I suppose it was entirely predictable…
City Club issued its report last week “No Turning Back: A City Club Report on Bicycle Transportation in Portland” – basically concluding that bicycles are now part of the urban transportation fabric and need to be thoroughly integrated into our transportation planning process, with a focus on education and safety.
But the press focused in on just one recommendation: a 4% state-wide excise tax on the sale of new bicycles to help fund education, safety programs, and measurement.
In fact, it took about two seconds for one online publication to put up a poll on whether a 4% tax for bicycle infrastructure was a good idea or not, completely twisting the message.
The Oregonian waited a whole week to oppose the tax, on the grounds that it was asking the whole state to pay for “Portland’s bike challenges”.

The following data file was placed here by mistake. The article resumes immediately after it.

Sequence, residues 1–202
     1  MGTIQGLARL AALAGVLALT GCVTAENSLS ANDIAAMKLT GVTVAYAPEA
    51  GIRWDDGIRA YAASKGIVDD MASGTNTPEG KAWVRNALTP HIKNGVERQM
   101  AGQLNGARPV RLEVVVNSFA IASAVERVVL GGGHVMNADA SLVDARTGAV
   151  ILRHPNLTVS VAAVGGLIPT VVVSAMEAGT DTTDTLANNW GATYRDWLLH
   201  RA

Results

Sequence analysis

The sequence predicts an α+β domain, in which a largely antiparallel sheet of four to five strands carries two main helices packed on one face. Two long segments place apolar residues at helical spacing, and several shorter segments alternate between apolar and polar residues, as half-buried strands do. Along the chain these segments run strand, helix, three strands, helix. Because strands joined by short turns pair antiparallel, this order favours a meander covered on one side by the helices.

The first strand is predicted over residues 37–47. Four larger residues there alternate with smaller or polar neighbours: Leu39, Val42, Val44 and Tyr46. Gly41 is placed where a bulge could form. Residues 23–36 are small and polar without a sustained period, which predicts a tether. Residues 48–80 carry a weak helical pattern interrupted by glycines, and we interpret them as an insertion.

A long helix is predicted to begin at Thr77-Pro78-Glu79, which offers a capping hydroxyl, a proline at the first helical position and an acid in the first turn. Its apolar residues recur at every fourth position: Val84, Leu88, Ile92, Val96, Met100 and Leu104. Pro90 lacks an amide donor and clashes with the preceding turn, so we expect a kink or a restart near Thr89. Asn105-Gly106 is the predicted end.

But the Oregonian did make an important point: cyclists are not getting a free ride, they pay for the street system as much as drivers do (in fact, most of them are drivers).
So what’s a cycling advocate supposed to think about this? In general we like the report, a lot!
But key activists are NOT rallying to oppose the tax (although we suspect it’s going nowhere fast). If cyclists are going to be taxed, it should be a tax that does not act as a barrier to trying cycling, as a license or registration fee would be. And even if we already have “skin in the game” for funding the street system, it would be helpful to have that abundantly clear to citizens at-large. And safety and education programs are critical and enjoy widespread support among cycling advocates.
But my own preference would be a completely different approach. We are dramatically underfunding our transportation system and that’s going to need to change soon. I’d like the approach to be a street utility fee (paid like a water or sewer bill, based on the trips your property helps generate). The beauty of this approach is that it’s mode-neutral. We ALL pay for the transportation system whether we walk, bike, drive or take transit. What could be fairer than that?